A tent housing a mobile vaccination clinic. (Interior Health/Contributed)
Over 5K jabbed at Interior Health mobile COVID-19 vaccine clinics

The clinics have made stops in more than 40 communities since launching last week

Provincial Health Officer Dr. Bonnie Henry talks about B.C.’s plan to restart the province during a press conference at Legislature in Victoria, Tuesday, May 25, 2021. THE CANADIAN PRESS/Chad Hipolito
Interior Health COVID-19 cases falling slower than the rest of B.C.

More than a third of provincial cases announced Thursday came from the Interior

Students at Creston Valley Secondary School put together an art installation of a replica residential school room. (Photo by Kelsey Yates)
Creston students create art installation of residential school room

The replica was decorated with a small bed, school uniform, and notes written with pleas for help

A tent housing a mobile vaccination clinic. (Interior Health/Contributed)
Second dose vaccinations accelerating throughout region: Interior Health

To date, more than 675,000 doses have been administered throughout the region

It happened this week in 1914

June 13 - 19: Compiled by Dave Humphrey from the archived newspapers… Continue reading

Cranbrook Arts has opened the doors of their  new gallery space to the public with their inaugural exhibit, Kootenay’s Best.
‘Kootenay’s Best’ opens Cranbrook Arts’ new gallery

This exhibit has been in the works for the past several months and features the work of more than 50 emerging and established artists from across the Kootenays

FILE – Most lanes remain closed at the Peace Arch border crossing into the U.S. from Canada, where the shared border has been closed for nonessential travel in an effort to prevent the spread of the coronavirus, Thursday, May 7, 2020, in Blaine, Wash. The restrictions at the border took effect March 21, while allowing trade and other travel deemed essential to continue. (AP Photo/Elaine Thompson)
Feds to issue update on border measures for fully vaccinated Canadians, permanent residents

Border with U.S. to remain closed to most until at least July 21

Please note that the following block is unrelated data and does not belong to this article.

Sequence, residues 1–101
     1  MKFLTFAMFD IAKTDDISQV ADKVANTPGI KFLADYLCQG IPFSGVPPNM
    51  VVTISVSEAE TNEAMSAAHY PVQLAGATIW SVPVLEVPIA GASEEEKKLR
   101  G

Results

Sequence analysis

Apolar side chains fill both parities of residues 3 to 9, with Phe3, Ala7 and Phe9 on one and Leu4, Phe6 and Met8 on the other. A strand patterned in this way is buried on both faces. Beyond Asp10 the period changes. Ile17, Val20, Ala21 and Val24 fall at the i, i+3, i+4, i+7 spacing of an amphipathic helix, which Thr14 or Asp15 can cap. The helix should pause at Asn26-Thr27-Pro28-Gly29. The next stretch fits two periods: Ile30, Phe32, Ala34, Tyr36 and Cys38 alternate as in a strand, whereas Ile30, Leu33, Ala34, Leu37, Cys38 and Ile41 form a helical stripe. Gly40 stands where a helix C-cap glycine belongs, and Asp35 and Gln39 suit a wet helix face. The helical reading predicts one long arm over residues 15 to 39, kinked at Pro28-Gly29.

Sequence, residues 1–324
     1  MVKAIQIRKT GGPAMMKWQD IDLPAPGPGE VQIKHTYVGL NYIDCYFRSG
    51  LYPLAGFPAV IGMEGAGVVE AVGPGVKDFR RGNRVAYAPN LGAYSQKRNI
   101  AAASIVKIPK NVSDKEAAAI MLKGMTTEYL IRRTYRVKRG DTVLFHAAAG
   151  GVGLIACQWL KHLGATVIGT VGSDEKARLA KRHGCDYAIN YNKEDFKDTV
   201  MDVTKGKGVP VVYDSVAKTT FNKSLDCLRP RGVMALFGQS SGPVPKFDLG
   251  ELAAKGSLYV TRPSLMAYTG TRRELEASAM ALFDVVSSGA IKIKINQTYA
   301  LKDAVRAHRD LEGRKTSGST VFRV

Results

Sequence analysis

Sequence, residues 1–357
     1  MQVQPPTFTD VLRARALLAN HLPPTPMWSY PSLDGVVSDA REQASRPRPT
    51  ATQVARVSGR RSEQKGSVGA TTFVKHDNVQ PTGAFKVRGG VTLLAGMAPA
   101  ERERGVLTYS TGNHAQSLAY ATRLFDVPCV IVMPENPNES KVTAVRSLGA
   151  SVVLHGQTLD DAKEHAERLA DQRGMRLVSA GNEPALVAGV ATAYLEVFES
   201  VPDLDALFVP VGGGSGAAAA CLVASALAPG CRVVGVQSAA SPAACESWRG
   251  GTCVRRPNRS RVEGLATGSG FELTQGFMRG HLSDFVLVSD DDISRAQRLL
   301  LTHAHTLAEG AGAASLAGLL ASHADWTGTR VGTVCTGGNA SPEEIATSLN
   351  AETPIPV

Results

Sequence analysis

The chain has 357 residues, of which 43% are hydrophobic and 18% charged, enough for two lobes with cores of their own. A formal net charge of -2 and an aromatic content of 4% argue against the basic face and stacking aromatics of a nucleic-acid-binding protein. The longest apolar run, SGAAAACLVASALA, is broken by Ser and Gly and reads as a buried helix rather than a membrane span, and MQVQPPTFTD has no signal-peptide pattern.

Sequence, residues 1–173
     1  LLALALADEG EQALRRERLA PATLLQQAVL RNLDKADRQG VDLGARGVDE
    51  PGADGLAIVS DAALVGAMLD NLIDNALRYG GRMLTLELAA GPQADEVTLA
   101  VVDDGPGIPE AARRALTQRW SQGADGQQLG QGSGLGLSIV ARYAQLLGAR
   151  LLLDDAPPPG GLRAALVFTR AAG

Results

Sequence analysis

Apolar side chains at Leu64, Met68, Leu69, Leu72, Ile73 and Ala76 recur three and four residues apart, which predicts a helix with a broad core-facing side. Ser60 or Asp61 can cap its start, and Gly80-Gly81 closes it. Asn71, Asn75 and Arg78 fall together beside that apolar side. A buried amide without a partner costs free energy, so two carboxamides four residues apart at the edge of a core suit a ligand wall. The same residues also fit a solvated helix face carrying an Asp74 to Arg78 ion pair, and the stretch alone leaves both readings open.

A portion of the George Road wildfire burns near Lytton, B.C. in this Friday, June 18, 2021 handout photo. THE CANADIAN PRESS/HO, BC Wildfire Service *MANDATORY CREDIT*
Blaze near Lytton spread across steep terrain, says BC Wildfire Service

Fire began Wednesday and is suspected to be human-caused, but remains under investigation

Blair Lebsack, owner of RGE RD restaurant, poses for a portrait in the dining room, in Edmonton, Friday, June 18, 2021. Canadian restaurants are having to find ways to deal with the rising cost of food. THE CANADIAN PRESS/Jason Franson
Canadian restaurateurs grapple with rising food costs, menu prices expected to rise

Restaurants are a low margin industry, so there’s not a lot of room to work in additional costs

RCMP crest. (Black Press Media files)
Fort St. John man arrested after allegedly inviting sexual touching from children

Two children reported the incident to a trusted adult right away

Barbara Violo, pharmacist and owner of The Junction Chemist Pharmacy, draws up a dose behind vials of both Pfizer-BioNTech and Oxford-AstraZeneca COVID-19 vaccines on the counter, in Toronto, Friday, June 18, 2021. An independent vaccine tracker website founded by a University of Saskatchewan student says just over 20 per cent of eligible Canadians — those 12 years old and above — are now fully vaccinated. THE CANADIAN PRESS/Nathan Denette
At least 20% of eligible Canadians fully vaccinated, 75% with one dose: data

Earlier projections for reopening at this milestone didn’t include Delta variant

This undated file photo provided by Ernie Carswell & Partners shows the home featured in the opening and closing scenes of The Brady Bunch in Los Angeles. Do you know the occupation of Mike Brady, the father in this show about a blended family? (Anthony Barcelo/Ernie Carswell & Partners via AP, File)
QUIZ: A celebration of dad on Father’s Day

How much do you know about famous fathers?

Emily Steele holds up a collage of her son, 16-year-old Elijah-Iain Beauregard who was stabbed and killed in June 2019, outside of Kelowna Law Courts on June 18. (Aaron Hemens/Capital News)
Kelowna woman who fatally stabbed teen facing up to 1.5 years of jail time

Her jail sentence would be followed by an additional one to 1.5 years of supervision

Most Read